rite care

Rhode Island Kids Count found kids enrolled in the health insurance program for low-income children and families have better access to preventative health care. The new study on RIte Care comes on the program’s 20th anniversary.

Rhode Island's next governor - whether it's Republican Allan Fung or Democrat Gina Raimondo - will have plenty of challenges to tackle upon taking office. The state's ailing economy will most likely hold the spotlight over the next eight weeks until the general election. But perhaps I could put a few health care items on the agenda for their consideration - and for the general assembly's.

Since the beginning of this year, Rhode Island’s hospitals have seen a nearly 18 percent drop in the amount of charity care they must provide. Hospitals provide millions in uncompensated care to people who can’t pay or don’t have insurance. But the number of people without insurance has dwindled since the roll out of the Affordable Care Act. As a result, acting president of the Hospital Association of Rhode Island Mike Souza says hospitals may be recouping as much as $40 million more dollars this year.

I'm combing through a Rhode Island Senate Fiscal Office summary of Governor Lincoln Chafee's FY 2015 budget proposal - a handy document that summarizes the item in question and analyzes its potential impacts. In health care, there's lots to digest.

But here are a few items that have caught my eye so far. And keep in mind, these are all still up for debate.

Aaron Read / RIPR

About 4500 parents who used to have health insurance through RIte Care, the state’s Medicaid program, will have to reapply for insurance if they want to remain covered after the end of the month. The biggest concern is that the poorest Rhode Islanders may not be able to afford it.

Some of the lowest-income Rhode Islanders may be losing their health insurance coverage or paying a bit more for it by the end of this month.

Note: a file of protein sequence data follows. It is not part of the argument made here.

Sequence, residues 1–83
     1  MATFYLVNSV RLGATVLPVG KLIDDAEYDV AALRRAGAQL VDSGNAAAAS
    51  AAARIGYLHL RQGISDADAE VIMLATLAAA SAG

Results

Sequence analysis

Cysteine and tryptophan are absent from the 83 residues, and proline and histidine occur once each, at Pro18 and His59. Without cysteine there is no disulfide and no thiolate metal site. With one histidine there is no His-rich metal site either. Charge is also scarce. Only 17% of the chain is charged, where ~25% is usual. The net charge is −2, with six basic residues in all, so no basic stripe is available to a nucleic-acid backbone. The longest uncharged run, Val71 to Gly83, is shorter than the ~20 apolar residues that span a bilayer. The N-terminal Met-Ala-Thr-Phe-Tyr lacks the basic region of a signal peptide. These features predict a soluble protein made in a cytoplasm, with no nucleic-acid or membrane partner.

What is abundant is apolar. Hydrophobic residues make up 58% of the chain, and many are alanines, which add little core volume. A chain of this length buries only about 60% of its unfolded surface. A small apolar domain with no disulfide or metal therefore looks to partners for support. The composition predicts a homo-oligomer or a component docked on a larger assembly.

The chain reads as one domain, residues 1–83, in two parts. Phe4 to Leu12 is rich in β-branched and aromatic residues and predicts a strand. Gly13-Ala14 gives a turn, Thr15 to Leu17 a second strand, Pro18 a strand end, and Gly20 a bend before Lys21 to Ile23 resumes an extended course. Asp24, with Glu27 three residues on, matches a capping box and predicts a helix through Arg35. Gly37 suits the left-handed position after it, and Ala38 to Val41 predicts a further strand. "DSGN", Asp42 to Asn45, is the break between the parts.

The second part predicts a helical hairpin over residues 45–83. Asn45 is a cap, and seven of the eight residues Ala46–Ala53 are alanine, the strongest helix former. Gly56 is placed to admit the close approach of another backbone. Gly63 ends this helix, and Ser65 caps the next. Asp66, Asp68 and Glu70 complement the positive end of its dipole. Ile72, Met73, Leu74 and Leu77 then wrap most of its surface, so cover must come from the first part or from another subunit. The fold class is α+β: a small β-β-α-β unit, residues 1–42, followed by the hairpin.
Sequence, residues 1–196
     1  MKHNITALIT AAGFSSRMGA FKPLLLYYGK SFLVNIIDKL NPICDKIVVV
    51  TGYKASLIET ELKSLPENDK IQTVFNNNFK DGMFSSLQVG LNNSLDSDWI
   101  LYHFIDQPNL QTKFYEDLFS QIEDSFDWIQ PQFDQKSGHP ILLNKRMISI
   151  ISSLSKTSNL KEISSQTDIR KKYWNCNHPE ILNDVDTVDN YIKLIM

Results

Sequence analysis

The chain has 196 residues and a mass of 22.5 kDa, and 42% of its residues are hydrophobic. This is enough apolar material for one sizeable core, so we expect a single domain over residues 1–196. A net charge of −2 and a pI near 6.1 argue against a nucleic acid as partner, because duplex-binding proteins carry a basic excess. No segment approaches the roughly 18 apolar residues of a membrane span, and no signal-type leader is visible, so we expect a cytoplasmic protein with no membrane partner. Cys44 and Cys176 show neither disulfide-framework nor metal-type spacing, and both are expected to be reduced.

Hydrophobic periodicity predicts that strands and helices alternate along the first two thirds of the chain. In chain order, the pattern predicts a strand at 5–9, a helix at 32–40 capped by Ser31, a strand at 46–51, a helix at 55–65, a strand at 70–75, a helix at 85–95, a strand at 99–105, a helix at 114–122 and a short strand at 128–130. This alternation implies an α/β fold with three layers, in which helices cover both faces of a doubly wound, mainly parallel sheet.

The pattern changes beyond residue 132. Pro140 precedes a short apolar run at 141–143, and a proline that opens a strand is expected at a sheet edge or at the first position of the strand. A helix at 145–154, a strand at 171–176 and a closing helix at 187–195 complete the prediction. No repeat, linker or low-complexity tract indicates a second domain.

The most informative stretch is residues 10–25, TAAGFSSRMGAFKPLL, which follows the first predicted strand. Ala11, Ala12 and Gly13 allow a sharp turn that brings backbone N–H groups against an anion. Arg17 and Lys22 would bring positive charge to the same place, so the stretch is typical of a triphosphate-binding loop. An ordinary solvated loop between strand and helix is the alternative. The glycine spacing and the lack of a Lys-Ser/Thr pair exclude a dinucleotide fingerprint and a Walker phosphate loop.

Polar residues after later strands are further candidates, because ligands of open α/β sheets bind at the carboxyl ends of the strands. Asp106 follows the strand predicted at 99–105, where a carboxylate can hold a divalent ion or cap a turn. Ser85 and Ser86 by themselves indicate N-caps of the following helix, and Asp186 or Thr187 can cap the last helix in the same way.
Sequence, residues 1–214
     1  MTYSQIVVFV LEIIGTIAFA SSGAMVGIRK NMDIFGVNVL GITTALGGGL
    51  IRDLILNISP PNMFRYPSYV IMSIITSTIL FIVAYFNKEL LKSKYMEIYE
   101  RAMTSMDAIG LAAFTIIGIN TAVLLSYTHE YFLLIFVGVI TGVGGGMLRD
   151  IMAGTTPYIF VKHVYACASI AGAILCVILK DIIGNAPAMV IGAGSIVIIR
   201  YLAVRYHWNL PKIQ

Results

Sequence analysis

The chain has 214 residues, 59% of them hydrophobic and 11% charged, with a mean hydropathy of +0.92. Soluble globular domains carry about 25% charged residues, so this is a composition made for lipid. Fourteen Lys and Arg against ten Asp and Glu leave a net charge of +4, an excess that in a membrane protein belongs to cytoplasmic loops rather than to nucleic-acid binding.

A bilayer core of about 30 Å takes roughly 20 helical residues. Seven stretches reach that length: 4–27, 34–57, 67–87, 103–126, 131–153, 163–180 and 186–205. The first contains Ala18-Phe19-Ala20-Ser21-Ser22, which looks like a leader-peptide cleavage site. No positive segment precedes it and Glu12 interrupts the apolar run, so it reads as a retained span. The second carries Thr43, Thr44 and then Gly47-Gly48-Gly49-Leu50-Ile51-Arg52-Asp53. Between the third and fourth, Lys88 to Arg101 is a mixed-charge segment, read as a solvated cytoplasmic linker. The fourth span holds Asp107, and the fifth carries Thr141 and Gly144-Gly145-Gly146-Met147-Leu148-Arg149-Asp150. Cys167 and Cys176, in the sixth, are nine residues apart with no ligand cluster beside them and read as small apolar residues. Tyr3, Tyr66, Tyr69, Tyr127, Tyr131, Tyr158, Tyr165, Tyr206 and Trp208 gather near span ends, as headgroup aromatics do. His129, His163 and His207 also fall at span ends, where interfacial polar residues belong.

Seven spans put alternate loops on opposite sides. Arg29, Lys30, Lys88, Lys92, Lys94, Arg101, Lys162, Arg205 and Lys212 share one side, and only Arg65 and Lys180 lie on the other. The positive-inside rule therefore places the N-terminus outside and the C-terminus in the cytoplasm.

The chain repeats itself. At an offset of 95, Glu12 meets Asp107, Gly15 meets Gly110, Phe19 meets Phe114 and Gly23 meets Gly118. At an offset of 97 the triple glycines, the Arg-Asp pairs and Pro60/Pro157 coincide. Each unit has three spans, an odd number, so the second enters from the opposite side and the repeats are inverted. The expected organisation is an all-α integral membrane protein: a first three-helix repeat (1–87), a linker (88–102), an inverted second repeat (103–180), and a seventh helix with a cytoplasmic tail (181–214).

Under new, tighter eligibility rules, thousands of parents of children with RIte Care health insurance are slated to lose their coverage at the end of this month. But they’re getting an extra month to pick a new plan.

You might be, if:

UPDATE: HHS unveiled a newly redesigned healthcare.gov today, which lets users learn more about enrolling in health insurance plans through online insurance marketplaces beginning October 1st. I tried it out. The web site leads you through a series of questions and presents you with your likely options for coverage and whatever financial assistance might be available to help you pay for that coverage. It also creates a customized "checklist" to help you prepare for enrollment, which includes a list of documents you'll need to gather.

Rhode Island Kids Count

Kids Count is out with its annual report on the health, education and safety of children in Rhode Island.

The report shows there are close to a quarter million children in the state. Nineteen percent live in families with incomes below the federal poverty level.

The good news, says Kids Count director Elizabeth Burke Bryant, is that they’re healthier than they once were.

Kids Count is out with its annual report on the health, education and safety of children in Rhode Island.

The report shows there are close to a quarter million children in the state. Nineteen percent live in families with incomes below the federal poverty level.

The good news, says Kids Count director Elizabeth Burke Bryant, is that they’re healthier than they once were.